This piece was originally published in the May 2017 issue of electroindustry.
Mike Stone, West Coast Field Representative, NEMA
Long a leader in helping communities recover from the effects of natural disasters such as floods and hurricanes, NEMA strives to make electrical safety a top priority during the reconstruction of flooded communities.
NEMA’s Guide to Evaluating Water-Damaged Electrical Equipment, which was first published in the 1990s and revised most recently in 2016, has been widely distributed by NEMA field representatives during and after significant flood events such as Hurricane Katrina and Super Storm Sandy. This document is used in flood and storm recovery efforts nationwide.
A companion document, Guide to Evaluating Fire- and Heat-Damaged Electrical Equipment, published in 2013, offers guidance to equipment damaged in structural and wildland fires. In keeping with efforts to help communities be as resilient as possible after natural disasters, NEMA is developing the third document in the series: Guide to Evaluating Earthquake-Damaged Electrical Equipment.
While most of us think of earthquakes as only happening on the West Coast or in Alaska and Hawaii, many areas of the country are vulnerable to seismic damage.
Take, for example, the 2011 East Coast 5.8 magnitude earthquake that did as much as $300 million worth of damage, according to one estimate, including $34 million for the Washington National Cathedral alone. In Missouri, the New Madrid Fault Line ruptured in 1811 with an estimated 7.4 magnitude quake. Seismologists estimate a 25 to 40 percent chance, in a 50-year span, of another 6.0 magnitude or greater earthquake in the same area.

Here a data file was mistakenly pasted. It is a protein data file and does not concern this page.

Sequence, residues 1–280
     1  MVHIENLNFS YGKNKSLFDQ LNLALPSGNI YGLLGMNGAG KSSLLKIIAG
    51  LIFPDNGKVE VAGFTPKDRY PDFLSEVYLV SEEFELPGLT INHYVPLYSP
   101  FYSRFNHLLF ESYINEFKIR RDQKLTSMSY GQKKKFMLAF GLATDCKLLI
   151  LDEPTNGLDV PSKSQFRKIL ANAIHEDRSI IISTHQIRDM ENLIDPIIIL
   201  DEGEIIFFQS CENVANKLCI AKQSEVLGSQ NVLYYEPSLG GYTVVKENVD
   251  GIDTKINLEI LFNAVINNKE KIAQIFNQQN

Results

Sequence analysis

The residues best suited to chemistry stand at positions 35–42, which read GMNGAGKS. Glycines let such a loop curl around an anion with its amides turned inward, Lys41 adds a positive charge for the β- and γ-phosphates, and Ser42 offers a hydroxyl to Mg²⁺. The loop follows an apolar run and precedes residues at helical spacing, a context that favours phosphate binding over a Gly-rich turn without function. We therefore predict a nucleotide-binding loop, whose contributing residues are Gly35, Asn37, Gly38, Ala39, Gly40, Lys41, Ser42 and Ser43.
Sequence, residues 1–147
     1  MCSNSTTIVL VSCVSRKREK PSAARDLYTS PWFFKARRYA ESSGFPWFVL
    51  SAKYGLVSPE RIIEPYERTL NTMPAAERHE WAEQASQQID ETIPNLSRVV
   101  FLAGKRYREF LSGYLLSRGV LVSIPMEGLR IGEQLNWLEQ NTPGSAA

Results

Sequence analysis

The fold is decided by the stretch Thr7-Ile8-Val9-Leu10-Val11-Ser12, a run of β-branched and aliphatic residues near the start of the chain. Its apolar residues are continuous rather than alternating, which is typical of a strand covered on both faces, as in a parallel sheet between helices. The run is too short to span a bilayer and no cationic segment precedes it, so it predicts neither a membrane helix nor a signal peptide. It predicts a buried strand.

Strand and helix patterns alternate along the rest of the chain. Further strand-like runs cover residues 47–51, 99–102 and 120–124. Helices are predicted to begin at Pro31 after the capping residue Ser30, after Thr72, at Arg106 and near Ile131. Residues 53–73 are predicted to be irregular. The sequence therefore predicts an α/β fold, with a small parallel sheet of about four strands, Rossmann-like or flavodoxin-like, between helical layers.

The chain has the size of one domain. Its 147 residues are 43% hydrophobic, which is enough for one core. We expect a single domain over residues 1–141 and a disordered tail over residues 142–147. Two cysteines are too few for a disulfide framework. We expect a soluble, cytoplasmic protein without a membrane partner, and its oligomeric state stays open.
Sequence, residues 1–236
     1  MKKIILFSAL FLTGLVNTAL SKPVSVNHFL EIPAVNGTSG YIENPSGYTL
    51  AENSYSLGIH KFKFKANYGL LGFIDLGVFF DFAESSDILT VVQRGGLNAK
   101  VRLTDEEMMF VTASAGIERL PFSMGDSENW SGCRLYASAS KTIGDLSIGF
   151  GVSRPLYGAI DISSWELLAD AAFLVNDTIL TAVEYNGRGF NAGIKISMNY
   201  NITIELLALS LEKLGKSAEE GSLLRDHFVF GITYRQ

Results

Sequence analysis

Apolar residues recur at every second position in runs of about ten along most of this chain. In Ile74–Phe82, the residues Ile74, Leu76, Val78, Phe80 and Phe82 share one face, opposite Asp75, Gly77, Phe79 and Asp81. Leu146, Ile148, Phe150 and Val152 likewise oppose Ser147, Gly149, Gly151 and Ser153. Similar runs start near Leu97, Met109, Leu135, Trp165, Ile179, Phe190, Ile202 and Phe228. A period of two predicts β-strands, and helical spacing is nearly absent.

Inspectors, engineers, and others will need clear guidance on appraising damage to electrical equipment after a major earthquake. The reliability and usability of electrical systems is vital to the resilience of communities and their ability to function after a disaster. While most inspectors are trained to recognize structural damage, electrical equipment damage may not be as apparent to personnel who do not have electrical experience.
The goal of this new guide is to give those doing damage assessment a valuable tool to use when evaluating damage and determining whether an electrical system can be safely energized.
A committee of subject matter experts from NEMA member companies, which I coordinated, began working on this document in late 2016. A rough draft has been completed and is undergoing edits by the committee. The resulting draft will be reviewed and ultimately approved by the NEMA Codes and Standards Committee, with likely publication in the fall of 2017.